Indigenous peoples are the best stewards of the nature that surrounds their homes and communities. They represent just 5% of humanity but yet protect 80% of Earth’s biodiversity.

Centring their voices and perspectives and respecting their leadership and decision-making processes is key to ensuring any project has a strong foundation. “When it comes to restoration, we talk about indigenous inclusion and indigenous people being consulted. But it doesn’t work like that in our communities," explained Helena Gualinga, Co-Founder of the Indigenous Youth Collective of Amazon Defenders and a 1t.org Landscapes Forum Youth Hub member.

"We have our own structures of governance, we have our own structures of decision-making. And that needs to be taken into account when these projects want to collaborate with indigenous people. We need to make sure that indigenous people are at the centre of decision-making and are not being consulted once the decisions have already been made.”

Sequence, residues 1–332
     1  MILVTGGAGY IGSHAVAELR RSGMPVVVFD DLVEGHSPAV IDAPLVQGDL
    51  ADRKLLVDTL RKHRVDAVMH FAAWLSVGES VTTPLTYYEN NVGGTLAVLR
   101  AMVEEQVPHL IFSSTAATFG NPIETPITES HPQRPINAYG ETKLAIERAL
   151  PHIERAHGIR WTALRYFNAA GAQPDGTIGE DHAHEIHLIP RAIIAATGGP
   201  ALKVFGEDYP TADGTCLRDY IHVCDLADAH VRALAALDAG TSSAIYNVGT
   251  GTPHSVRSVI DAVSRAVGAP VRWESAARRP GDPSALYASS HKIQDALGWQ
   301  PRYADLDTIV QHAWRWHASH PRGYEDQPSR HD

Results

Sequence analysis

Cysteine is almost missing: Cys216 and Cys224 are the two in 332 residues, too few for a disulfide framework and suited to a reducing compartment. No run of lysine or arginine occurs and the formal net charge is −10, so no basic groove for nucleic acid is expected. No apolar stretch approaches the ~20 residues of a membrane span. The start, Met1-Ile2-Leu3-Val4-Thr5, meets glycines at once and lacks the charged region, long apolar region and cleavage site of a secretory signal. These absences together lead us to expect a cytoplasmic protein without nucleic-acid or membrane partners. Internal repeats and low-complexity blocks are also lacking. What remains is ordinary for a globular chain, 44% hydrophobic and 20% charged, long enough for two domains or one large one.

Suzanne DiBianca, Chief Impact Officer at Salesforce, added: “Our approach on one trillion trees is ‘right tree, right place, right time, right people.’ And indigenous people know exactly what to do: they have the right tools – and have had them for hundreds of years.”

Keep faith in ESG investing

Investors and private companies must 'keep the faith' in ESG investing, which evidences their values. It's this ethos that ensures that funds that are demonstrating authenticity in their investments continue to attract new funding. All markets have cycles, and given that protecting nature and biodiversity is central to the continued existence of every market around the world, continual ESG investing is critical.

Discover

What is the World Economic Forum doing on natural climate solutions?

Authentic and transparent data collection in nature is vital